With space heating and cooling accounting for close to 40 percent of all the energy consumed in the building sector in the United States, there is a pressing need for energy-efficient heating, ventilation and air conditioning (HVAC) equipment. Due to the economic downturn, building owners and facility managers deferred equipment replacements, but with the markets bouncing back, they are gradually unfreezing their budgets. Additionally, replacement HVAC purchases will get a leg up from the aging of commercial, institutional and industrial buildings.
New analysis from Frost & Sullivan's (buildingtechnologies.frost.com) Analysis of the North American HVAC Equipment Market research finds the market earned revenue of $13.05 billion in 2012 and estimates this to reach $14.78 billion in 2017.
For more information on this research, please email Britni Myers, Corporate Communications, at britni.myers[.]frost.com, with your full name, company name, job title, telephone number, company email address, company website, city, state and country.
"Acknowledging the need to reduce energy consumption and achieve significant energy savings, end users are opting for HVAC equipment with the latest technologies," said a Frost & Sullivan Energy and Environment industry analyst. "Consequently, original equipment manufacturers are increasingly incorporating energy saving technologies, such as variable speed compressors, variable speed fans, and high-efficiency heat exchangers."
Research and development efforts are likely aimed at making the equipment more energy efficient and silent. Another major area of focus is the use of controls to improve the efficiency of the overall system rather than just the efficiency of the components.
Furthermore, the United States passed legislation including the Energy Policy Act of 2005 and the Energy Independence and Security Act of 2007, which mandate buildings must save at least 30 percent more energy than current levels. They also set regional minimum average efficiency rates for HVAC products. These targets bode well for the HVAC market as end users must install higher-efficiency HVAC equipment to meet these targets.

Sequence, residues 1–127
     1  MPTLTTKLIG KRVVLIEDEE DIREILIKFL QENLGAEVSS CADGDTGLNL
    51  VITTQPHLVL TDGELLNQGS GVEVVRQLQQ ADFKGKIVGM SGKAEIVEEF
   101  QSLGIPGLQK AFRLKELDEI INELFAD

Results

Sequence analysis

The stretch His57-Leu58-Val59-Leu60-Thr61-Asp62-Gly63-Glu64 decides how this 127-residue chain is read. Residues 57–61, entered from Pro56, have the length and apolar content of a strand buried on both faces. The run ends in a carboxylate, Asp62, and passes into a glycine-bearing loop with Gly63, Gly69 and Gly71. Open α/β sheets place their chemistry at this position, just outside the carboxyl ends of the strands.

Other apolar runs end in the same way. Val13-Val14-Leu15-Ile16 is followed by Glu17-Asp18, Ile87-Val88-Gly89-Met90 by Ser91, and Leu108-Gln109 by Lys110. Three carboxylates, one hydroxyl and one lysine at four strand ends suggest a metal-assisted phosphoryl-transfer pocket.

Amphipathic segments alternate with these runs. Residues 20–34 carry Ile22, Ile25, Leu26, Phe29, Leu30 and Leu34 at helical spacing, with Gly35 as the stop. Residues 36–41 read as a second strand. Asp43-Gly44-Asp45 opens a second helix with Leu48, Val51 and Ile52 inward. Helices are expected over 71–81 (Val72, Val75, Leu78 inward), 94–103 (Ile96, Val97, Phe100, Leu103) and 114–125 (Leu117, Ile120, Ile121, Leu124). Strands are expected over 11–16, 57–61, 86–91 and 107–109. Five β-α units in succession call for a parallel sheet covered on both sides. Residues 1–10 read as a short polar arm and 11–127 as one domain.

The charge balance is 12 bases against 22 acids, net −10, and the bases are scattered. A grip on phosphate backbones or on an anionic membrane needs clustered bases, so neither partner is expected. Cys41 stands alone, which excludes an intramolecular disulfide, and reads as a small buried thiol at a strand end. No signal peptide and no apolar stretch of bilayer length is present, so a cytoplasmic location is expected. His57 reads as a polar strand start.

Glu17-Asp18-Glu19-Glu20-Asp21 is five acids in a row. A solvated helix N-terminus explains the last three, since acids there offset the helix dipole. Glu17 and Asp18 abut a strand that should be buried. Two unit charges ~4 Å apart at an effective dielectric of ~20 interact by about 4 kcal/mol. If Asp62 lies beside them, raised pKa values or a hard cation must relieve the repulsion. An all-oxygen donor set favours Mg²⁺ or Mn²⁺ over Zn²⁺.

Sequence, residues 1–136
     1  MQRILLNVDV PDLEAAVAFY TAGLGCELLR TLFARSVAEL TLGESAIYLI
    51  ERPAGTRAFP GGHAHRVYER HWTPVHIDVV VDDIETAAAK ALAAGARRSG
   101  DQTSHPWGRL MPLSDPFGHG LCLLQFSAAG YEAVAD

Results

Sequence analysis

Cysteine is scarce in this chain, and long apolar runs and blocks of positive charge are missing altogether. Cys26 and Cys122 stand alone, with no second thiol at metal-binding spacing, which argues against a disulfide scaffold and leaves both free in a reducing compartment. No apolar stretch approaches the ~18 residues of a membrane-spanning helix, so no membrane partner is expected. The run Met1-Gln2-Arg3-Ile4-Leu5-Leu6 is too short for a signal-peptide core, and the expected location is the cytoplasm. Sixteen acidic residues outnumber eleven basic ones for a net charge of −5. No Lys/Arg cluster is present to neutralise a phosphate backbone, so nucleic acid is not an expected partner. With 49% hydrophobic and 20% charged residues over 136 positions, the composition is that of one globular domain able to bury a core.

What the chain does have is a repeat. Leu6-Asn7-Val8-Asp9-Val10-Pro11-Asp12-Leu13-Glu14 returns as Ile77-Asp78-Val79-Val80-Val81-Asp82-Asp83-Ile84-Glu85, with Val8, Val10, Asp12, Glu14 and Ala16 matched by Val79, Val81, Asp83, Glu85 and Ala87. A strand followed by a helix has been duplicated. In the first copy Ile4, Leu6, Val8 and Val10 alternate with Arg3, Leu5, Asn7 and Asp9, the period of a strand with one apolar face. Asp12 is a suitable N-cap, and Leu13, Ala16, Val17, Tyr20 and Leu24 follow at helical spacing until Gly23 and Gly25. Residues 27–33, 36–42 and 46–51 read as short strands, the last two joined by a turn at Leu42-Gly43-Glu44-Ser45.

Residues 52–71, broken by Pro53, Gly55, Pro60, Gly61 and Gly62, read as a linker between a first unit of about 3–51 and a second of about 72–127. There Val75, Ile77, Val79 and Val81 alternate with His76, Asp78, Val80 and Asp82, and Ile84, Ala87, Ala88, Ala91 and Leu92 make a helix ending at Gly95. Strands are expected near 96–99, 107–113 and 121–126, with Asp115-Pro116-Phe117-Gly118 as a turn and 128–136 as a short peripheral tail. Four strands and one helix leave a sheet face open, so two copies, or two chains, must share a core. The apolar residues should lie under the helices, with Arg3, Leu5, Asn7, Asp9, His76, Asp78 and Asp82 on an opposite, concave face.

However, the intense competition in the market and the high initial cost of HVAC equipment is limiting growth. End users tend to focus on the initial costs rather than the short- to medium-term payback accrued through energy savings.
In such a scenario, it is vital to educate customers about the lifecycle cost benefits of installing energy-efficient HVAC equipment. Manufacturers must ensure customers understand the long-term benefits of installing new HVAC equipment, such as the ability to comply with energy efficiency requirements and generate smaller carbon footprints.
"The higher awareness about indoor air quality will drive end users to demand better-performing HVAC systems," noted the industry analyst. "Building owners and managers are forced to maintain high indoor air quality to avoid lawsuits by tenants, in turn, boosting the sales of HVAC equipment."
Analysis of the North American HVAC Equipment Market is part of the Energy and Environment Growth Partnership Service program, which also includes: European Building Automation Systems Market, Residential LED Market in Asia-Pacific, and Analysis of the North American LED Lighting Market. All research services included in subscriptions provide detailed market opportunities and industry trends evaluated following extensive interviews with market participants.
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Analysis of the North American HVAC Equipment Market / NC35-19